Changing Marriage Attitudes and Mental Health Among Youth:

What Could This Mean for Youth Relationship Education?

By Hailey Palmer and Alan J. Hawkins

The Bottom-Line (at the Top): Recent research has found shifting trends among youth in two important areas: marriage attitudes and mental health. A substantial drop seems to have occurred in the percentage of youth who consider getting married to be important to them personally. Furthermore, researchers are finding large increases in mental health problems, such as depressionand anxiety, among teens. How might these trends affect youth relationship education? Continue reading “Changing Marriage Attitudes and Mental Health Among Youth:”

How or Why Does Relationship Education Work?

A Summary of 6 Years of RE Research

by Hailey Palmer and Alan J. Hawkins

Bottom-Line First: Several factors have been identified by researchers as possible mechanisms for how or why relationship education (RE) works for program participants. However, because none of these factors has been consistently studied, we can’t yet make strong conclusions. Rather, we offer direction for future areas of research. This blog may be of special interest to RE researchers. Continue reading “How or Why Does Relationship Education Work?”

Who Benefits Most from Relationship Education?

A Review of Recent Relationship Education Research

by Hailey Palmer and Alan J. Hawkins

The Bottom-Line First: We conducted an extensive search, digging deep into the last 6 years of research in the relationship education (RE) field to find studies that tested which groups benefit the most from participating in RE programs. We discovered dozens of studies that consistently pointed to distressed, disadvantaged, and racial-ethnic minority groups benefitting more than other groups. Continue reading “Who Benefits Most from Relationship Education?”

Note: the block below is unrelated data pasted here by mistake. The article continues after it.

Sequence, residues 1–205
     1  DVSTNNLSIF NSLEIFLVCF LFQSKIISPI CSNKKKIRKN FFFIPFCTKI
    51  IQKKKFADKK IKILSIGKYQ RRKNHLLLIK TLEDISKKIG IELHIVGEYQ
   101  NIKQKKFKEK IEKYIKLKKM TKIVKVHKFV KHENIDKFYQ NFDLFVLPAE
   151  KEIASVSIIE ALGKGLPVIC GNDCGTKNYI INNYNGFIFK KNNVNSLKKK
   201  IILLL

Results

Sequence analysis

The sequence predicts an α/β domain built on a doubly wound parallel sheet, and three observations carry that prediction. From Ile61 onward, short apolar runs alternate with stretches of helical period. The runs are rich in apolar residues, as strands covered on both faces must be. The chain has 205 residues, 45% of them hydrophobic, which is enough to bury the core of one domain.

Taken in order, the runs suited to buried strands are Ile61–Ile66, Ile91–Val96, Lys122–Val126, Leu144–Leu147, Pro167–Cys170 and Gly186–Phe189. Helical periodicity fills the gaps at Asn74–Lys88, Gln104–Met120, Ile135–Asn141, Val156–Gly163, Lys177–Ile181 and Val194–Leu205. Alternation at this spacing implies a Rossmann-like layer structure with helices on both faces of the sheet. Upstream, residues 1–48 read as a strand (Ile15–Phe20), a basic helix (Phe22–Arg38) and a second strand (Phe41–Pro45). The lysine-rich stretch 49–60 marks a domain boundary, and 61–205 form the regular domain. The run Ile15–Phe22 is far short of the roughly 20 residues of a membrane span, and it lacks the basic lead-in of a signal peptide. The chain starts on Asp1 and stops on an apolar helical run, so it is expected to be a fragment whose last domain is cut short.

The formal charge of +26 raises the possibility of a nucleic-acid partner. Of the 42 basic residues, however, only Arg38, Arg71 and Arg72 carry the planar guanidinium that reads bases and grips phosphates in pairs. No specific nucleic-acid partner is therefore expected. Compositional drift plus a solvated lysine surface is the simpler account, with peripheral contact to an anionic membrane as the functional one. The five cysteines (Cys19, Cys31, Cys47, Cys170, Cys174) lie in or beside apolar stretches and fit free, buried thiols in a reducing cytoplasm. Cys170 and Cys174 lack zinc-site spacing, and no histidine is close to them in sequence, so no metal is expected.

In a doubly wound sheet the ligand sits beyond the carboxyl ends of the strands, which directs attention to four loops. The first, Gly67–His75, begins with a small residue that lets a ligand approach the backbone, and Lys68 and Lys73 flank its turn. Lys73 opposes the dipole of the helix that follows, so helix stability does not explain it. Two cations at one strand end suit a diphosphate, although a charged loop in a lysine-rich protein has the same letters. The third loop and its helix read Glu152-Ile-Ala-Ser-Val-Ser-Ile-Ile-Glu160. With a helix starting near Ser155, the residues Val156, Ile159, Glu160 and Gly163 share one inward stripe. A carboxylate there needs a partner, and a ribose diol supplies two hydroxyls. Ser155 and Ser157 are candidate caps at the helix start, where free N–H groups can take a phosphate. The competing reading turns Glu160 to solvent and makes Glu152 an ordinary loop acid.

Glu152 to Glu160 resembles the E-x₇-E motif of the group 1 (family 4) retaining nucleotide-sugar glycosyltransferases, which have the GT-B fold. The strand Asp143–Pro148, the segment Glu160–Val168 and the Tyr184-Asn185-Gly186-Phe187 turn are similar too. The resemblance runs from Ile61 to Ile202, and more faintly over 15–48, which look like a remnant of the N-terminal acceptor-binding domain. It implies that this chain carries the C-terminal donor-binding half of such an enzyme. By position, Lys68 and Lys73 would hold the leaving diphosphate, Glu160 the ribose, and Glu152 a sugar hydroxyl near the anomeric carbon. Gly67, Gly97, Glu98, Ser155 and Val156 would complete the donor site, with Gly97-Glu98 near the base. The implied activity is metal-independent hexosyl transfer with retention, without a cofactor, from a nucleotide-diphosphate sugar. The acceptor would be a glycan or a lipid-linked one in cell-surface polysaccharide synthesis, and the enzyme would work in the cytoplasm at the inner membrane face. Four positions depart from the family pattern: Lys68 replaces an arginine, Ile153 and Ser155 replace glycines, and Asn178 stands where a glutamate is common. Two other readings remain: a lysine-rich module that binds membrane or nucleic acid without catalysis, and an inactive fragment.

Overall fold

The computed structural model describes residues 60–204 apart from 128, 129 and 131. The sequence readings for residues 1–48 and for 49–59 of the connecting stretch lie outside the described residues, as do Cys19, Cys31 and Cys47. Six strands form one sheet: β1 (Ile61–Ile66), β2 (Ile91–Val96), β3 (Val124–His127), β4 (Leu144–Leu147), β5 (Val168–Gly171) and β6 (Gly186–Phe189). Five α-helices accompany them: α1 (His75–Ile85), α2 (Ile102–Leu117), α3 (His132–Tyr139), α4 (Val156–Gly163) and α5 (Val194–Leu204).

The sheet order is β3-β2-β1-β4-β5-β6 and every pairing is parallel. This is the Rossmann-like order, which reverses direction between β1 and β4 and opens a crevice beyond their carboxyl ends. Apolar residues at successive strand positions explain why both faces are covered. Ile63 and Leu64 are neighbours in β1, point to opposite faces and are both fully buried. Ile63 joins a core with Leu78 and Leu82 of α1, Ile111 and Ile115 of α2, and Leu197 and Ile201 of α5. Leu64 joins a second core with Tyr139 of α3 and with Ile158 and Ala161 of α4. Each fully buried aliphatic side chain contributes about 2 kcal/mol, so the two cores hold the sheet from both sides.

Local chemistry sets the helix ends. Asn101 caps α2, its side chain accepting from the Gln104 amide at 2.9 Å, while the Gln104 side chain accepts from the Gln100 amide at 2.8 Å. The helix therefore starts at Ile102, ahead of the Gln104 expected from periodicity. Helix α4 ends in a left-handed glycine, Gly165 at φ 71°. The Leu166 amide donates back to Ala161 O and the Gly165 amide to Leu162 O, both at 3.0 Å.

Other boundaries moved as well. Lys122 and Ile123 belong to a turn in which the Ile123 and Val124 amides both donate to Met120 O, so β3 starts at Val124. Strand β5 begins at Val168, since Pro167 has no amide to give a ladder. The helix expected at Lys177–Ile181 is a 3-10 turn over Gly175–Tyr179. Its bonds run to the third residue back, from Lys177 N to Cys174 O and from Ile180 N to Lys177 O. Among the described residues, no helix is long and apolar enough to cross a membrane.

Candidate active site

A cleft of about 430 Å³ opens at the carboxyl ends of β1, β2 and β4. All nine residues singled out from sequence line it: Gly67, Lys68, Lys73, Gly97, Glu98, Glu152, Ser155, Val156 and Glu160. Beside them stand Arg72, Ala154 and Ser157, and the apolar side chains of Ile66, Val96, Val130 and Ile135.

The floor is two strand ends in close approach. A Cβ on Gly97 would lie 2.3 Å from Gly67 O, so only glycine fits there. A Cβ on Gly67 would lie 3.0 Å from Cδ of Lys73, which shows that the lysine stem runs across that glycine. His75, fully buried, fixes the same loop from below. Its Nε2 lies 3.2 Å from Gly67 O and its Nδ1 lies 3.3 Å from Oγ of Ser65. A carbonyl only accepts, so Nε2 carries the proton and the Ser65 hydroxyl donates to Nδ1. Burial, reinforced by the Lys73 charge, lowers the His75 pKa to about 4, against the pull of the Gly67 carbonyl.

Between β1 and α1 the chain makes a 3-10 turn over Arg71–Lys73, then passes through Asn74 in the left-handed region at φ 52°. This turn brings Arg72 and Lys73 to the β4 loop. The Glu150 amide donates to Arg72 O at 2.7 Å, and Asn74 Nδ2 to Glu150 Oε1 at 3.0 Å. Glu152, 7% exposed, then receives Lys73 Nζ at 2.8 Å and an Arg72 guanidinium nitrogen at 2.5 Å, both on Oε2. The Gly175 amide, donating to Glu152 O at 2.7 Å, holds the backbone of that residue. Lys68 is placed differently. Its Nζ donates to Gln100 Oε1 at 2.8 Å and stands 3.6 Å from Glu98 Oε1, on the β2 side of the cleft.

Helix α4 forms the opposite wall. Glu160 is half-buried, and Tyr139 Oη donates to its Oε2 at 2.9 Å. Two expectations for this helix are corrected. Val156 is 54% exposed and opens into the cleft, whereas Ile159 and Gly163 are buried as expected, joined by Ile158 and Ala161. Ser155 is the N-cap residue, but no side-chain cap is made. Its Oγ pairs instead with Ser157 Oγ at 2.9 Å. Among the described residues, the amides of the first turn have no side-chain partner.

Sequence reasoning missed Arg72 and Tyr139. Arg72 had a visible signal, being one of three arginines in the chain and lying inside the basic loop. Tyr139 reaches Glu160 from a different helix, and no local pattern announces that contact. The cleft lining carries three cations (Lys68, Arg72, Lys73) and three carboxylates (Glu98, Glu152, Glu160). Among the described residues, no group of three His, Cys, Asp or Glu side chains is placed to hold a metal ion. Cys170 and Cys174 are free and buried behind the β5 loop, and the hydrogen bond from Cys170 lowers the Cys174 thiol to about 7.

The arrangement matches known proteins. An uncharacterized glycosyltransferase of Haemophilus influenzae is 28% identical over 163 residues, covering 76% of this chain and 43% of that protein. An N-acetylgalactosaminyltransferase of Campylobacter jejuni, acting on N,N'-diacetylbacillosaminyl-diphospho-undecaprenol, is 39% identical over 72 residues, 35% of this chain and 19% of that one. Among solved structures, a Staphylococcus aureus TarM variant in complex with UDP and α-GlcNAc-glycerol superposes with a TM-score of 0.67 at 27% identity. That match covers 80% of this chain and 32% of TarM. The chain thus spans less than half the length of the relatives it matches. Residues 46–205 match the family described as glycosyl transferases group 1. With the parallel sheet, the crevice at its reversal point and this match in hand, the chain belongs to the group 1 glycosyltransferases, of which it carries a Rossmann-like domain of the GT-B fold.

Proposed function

For the Children: Does Couple and Relationship Education Influence Child Well-Being Through Enhanced Couple Functioning?

by Hailey Palmer

The Bottom-Line First: The Supporting Father Involvement program is a co-parenting, preventative intervention aimed at strengthening the couple relationship and increasing the quantity and quality of fathers’ involvement. An evaluation study published just last month reported that the Supporting Father Involvement program reduces couple conflict and by so doing leads to less harsh parenting which leads to fewer child behavior problems. Continue reading “For the Children: Does Couple and Relationship Education Influence Child Well-Being Through Enhanced Couple Functioning?”